Islamic lender Bank Asya has received another blow, as the Capital Markets Board (SPK) did not approve a 140 million-Turkish Lira sukuk issuance from the lender’s asset leasing subsidiary.
The lender’s share trading was suspended by the Borsa Istanbul stock exchange on Aug. 14 until “uncertainty regarding its ownership is resolved.”
The country’s capital markets watchdog cited the same concerns and announced it has decided not to accept the Bank Asya subsidiary Asya Varlık Kiralama’s (Asset Leasing) request to issue a 140 million lira sukuk, which commonly refers to the Islamic equivalent of bonds, for consideration.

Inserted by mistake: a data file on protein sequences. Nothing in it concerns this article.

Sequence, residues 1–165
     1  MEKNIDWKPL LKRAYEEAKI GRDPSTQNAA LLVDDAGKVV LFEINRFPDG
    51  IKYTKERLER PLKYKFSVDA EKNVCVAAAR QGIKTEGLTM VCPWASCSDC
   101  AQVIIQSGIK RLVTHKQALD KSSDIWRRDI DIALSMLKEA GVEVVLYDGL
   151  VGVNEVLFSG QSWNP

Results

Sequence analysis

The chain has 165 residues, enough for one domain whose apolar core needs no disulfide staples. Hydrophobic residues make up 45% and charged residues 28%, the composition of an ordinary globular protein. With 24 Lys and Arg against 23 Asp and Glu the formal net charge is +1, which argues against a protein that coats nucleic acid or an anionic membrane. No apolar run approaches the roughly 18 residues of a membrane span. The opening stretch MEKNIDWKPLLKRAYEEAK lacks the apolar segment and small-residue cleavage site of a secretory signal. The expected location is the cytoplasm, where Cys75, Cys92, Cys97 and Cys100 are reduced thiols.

The bank has seen its profits and capital base collapse since December 2013, when it found itself at the center of a power struggle between President-elect Recep Tayyip Erdoğan and his political foe Fethullah Gülen, an Islamic scholar based in the U.S. whose sympathizers founded the bank in 1996.
Doubts over the bank’s future and its shareholder structure have been growing due to contradictory statements from the government regarding its potential acquisition by the state-run Ziraat Bank, as well as the annulment of key contracts by several public agencies.
(Daily News / 21 August 2014)---
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